India will get six low frequency Active Towed Array Sonar (ACTAS) systems, that will be fitted on the Kamorta-class corvettes, later this year from Germany.
The system, which can detect enemy submarines, will give a fillip to India’s anti-submarine warfare capabilities.
India had late last year signed a contract for the towed array sonar with German firm Atlas Elektronik.
Under the deal, the first six systems would come from Germany and the rest will be manufactured in India under cooperation with Bharat Electronics Limited.
“This system, which will arrive in the next few months, is a huge capability enhancement of our anti-submarine warfare. ACTAS is the backbone of anti-submarine warfare,” defence sources said.
The towed array sonar provided by ATLAS permits observation of the sea space at ranges considerably above 60 kilometres, depending on the propagation conditions of the water.
This gives the sonar an operational range that by far exceeds that of radars and the weapons range of submarines.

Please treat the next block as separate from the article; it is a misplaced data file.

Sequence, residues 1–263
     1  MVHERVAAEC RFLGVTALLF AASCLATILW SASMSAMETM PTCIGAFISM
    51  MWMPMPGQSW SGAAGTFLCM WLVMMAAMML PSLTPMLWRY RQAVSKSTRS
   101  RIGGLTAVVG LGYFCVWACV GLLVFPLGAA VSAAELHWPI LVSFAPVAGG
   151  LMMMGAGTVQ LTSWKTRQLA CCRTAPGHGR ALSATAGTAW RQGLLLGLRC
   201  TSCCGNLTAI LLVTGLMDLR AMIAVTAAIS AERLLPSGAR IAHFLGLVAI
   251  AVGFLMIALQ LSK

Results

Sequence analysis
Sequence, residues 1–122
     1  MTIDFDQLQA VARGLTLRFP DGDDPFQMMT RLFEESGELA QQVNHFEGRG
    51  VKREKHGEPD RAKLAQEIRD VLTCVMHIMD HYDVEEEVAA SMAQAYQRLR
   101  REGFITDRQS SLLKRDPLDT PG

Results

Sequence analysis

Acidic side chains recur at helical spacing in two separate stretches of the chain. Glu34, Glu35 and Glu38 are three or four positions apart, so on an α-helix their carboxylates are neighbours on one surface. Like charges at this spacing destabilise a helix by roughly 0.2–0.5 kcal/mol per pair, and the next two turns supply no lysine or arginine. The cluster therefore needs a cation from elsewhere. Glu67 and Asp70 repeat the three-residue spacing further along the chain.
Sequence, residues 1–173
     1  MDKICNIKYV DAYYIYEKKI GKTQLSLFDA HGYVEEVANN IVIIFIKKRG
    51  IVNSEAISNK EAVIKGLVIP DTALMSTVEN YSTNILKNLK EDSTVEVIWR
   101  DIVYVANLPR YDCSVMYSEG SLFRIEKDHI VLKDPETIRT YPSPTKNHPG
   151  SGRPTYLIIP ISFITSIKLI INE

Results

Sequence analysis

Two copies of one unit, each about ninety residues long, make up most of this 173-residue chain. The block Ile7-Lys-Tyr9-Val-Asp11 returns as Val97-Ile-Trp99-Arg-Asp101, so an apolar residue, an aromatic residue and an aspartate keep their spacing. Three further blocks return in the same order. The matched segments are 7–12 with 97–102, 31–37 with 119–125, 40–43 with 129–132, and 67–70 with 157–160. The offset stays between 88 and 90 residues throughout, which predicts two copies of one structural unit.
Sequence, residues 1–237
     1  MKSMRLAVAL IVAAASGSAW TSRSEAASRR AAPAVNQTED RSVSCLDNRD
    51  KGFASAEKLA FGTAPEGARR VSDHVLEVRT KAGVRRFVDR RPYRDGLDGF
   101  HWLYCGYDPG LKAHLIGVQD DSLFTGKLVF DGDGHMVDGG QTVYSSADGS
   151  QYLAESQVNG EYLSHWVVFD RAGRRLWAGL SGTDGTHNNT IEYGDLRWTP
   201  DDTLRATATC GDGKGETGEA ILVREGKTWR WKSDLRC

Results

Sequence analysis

The system is, therefore, not only ideal for hunting submarines but also for the wide-area reconnaissance of surface combatants.
“Indian ships currently use bow mounted sonar or hull mounted sonar which is less effective. ACTAS is the future,” the sources said.
They added that the system is first being put on Kamorta-class anti-submarine corvettes. The project is destined to be rolled out to various classes of ships including Delhi, Talwar, Shivalik and Kolkata.
The sources said ATAS is especially vital in the Arabian Sea.
Warships detect submarines with sonar – a “ping” of sound emitted into the water that reflects from submarines, just as radar bounces back from aircraft.
In Arabian Sea’s warm and shallow waters, the returning signal often gets lost, the sources said, adding that since ATAS is towed by a cable deep below the surface where submarines operate, detection is much higher.
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